Balkin and Davis pp. 411-418; 431-439

A Summary of the B+D Readings for Week 5.

pp. 411-418 - Pure Economic Loss


  • A lack of earning capacity due to physical injury
  • Secondary actions which may be bought by one person as a result of the death or physical injury caused to another
  • Intention causing financial harm
  • Cases where the Plaintiff's property has been damaged by a force external to that property and the Plaintiff seeks to recover the cost of repairing or replacing it

Examples of Pure Economic Loss (Keep in mind, it does depend on the circumstances of the case)

  • A research institution which carelessly allows a virus to escape and affect livestock will cause pure economic loss to the auctioneer who is denied the opportunity to sell the livestock
  • Workers who carelessly sever an electricity cable halt production at a factory which looses profit for that given time
  • Builder fails to comply with plans. Owner discovers the structure is beginning to become unstable and is worth less than he/she paid for
  • Minister of Crown negligently holds consent from a development project an a company misses out on possible lost income during that period
  • A dredge operated with insufficient care ruptures a pipeline on a sea bed. Company has to find a more expensive means of transport
  • D's negligent misstatement causes the P to enter into an unprofitable contract when if the misstatement had not been made, P would have entered a highly lucrative deal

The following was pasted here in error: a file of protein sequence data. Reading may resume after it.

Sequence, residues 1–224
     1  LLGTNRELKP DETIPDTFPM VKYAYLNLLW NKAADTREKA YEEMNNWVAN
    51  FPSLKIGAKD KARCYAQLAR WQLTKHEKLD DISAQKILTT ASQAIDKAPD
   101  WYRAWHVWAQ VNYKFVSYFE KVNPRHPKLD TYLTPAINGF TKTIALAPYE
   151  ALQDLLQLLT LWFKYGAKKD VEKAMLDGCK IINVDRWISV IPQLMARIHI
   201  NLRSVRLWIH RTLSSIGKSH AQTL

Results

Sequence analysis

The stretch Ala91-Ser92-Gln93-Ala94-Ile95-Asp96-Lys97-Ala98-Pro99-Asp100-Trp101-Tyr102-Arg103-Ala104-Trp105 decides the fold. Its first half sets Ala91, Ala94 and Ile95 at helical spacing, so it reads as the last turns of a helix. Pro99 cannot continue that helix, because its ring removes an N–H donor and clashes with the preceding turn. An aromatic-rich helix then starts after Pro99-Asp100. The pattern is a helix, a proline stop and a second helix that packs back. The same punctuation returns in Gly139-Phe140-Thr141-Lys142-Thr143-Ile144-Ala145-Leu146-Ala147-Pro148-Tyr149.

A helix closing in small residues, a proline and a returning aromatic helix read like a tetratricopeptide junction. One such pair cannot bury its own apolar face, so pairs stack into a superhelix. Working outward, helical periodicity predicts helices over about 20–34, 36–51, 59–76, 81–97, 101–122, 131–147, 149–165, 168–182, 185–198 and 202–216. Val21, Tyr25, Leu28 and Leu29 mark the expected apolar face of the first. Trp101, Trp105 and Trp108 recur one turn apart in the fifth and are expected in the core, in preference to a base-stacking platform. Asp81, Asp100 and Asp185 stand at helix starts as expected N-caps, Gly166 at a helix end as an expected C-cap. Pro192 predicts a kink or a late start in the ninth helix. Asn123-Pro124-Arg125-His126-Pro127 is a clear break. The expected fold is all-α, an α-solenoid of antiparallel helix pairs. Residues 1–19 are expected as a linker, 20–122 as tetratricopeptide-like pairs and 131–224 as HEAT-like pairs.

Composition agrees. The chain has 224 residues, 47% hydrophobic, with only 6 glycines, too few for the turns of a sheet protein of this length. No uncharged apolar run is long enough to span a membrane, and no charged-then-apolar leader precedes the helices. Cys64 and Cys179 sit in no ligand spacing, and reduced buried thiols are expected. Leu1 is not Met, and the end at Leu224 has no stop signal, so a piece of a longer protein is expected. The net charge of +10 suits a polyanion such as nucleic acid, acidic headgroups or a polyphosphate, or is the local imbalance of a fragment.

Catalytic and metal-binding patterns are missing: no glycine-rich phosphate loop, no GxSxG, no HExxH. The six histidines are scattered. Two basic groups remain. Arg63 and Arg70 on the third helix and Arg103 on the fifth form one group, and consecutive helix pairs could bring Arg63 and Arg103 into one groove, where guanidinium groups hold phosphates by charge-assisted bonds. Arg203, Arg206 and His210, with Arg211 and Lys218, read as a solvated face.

• Solicitor who is negligent in the drawing of a will may be liable to those the testator intended to benefit

Reasons for judicial reluctance to impose liability

Courts have stressed the need for some control mechanism narrower than the concept of 'reasonable foreseeability' due to :-

1. Fear of indeterminable liability

Example: 'A' recommends to 'B' to purchase a particular companies shares. But 'A', through carelessness, has overlooked some fault that renders the shares a bad investment. 'A' as a reasonable person would foresee that his advice may be passed on from B to others, who in turn may be passed on to others etc etc.

Criticism: If reasonable foresight was the only criterion for liability, 'A' would be liable to all those who had acted on the original advice to 'B'.

Cardozo CJ: Danger is that D is unable to estimate in advance the extent of potential liability, and arrange his/her affairs accordingly.

2. Disproportion between D's blameworthiness and extent of liability

If liability is to depend on no more than reasonable foreseeability, D may be exposed to claims the extent of which is out of proportion to the degree to which the relevant conduct fell below that of a reasonable person.

3. Interrelationship between tort and contract

Where a DOC had arisen between parties to a contract, the law of negligence plays a dominant role and that of contract a subsiding one, as a DOC is usually presumed (unless the terms of the contract state otherwise).
Thus, you can co-currently own a DOC in contract and tort (e.g. Professional to client)

4. The need to protect competition being stifled

In a capitalist society (i.e. one person's gain is another's loss), it is necessary for the law not to impeded competition between business entities.

Therefore, the Law is prepared to countenance conduct which is intended to cause economic harm to a trade rival, so long as the perpetrator does not commit some act which is otherwise unlawful.

5. The need for certainty

Only by this means can legal practitioners advise their clients of their rights, or lack of them.